It’s not music but… I’m enough of a narcissist and a miserablist to note that Chuck Jones died the day after my birthday. For a person with few heroes – but heroes passionately revered and believed in – it’s a crushing blow. The shortlist Jones was on – Jack Kirby, Osamu Tezuka, George Herriman, Winsor McKay, Charles Schulz, Maurice Sendak, Hayao Miyazaki – becomes smaller every couple of years. If Jones is making me stumble about the house under a black cloud, Miyazaki’s death might plunge me into catatonia.

To keep things roughly on topic: he musical legacy of the Looney Tunes classics are well documented; Carl Stalling – whether or not he cribbed his compositional vocabulary from Raymond Scott…there was definitely something in the air of the times (Scott; Stalling; Dick Hyman/Enoch Light; etc.) – is anthologized in a number of Best Ofs and Box Sets. It’s a kind of gutter musique concrete (or maybe musique plastique?), characterized by the synchronization of the onscreen action with the music. An approach which seems horribly gauche in theory (and something most in Hollywood – animated or not – wouldn’t touch with a ten foot cattle prod), but in the hands of Stalling and the three major Warner Bros. directors – Jones, Friz Freeling, Robert McKimson – was a magical introduction to classic and jazz tropes for several generations of young people.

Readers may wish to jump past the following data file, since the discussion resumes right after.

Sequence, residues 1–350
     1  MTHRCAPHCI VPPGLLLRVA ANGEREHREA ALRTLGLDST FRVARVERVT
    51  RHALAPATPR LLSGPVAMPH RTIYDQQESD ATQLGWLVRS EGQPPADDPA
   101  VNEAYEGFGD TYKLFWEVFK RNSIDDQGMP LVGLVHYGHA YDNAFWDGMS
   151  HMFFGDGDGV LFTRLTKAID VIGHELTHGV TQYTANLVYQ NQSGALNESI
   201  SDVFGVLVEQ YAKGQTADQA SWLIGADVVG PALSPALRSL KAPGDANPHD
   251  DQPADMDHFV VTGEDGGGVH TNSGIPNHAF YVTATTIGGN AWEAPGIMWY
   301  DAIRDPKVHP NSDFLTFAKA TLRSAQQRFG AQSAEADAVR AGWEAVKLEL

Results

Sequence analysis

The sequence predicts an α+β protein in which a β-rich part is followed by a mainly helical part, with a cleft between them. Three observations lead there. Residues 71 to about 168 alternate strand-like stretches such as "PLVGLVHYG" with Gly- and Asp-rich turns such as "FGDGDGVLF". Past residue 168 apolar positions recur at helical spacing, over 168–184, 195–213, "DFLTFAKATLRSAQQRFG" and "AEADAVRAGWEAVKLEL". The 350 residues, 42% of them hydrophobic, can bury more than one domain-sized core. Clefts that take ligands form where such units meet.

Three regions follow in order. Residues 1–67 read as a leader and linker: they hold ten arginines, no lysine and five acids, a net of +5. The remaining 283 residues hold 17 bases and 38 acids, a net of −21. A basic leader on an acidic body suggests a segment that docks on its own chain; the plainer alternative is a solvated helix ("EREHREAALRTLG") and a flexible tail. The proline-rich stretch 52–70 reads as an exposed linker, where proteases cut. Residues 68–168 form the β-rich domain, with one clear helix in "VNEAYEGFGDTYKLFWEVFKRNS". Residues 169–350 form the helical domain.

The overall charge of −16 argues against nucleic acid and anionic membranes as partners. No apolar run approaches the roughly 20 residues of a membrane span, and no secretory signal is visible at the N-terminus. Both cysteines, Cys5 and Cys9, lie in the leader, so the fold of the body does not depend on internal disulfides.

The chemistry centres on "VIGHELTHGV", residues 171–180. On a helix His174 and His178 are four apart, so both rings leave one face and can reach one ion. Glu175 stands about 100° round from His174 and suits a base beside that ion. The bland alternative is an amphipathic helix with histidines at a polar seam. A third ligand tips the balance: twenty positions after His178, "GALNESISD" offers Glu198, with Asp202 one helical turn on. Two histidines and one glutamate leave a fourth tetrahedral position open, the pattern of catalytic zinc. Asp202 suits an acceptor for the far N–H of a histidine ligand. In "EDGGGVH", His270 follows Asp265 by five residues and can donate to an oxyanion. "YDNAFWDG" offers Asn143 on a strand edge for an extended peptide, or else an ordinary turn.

Jones was a genius, and still too little recognized, despite Oscars and retrospectives and his own show on Cartoon Network. He was involved in every aspect of the shorts he directed, working with a small, intimate cadre of animators, designers, and writers (mostly Michael Maltese, whose own contributions to these movies remains unacknowledged.) The result was that rarest of commodities: true popular, populist art.

The cultural capital of the characters he gave voice to is almost depleted; how many more Tazmanian Devil t-shirts or Michael Jordan “collaborations” can an already weary public take? Maybe – as tribute, as eulogy – Warner Bros. will slow the ugly grind of it’s commerce machine for a while, allowing us to catch our breaths, remember what made these funny little bastards (and like the Peanuts kids, bastards they were, and all too human) so great in the first place. We can hope.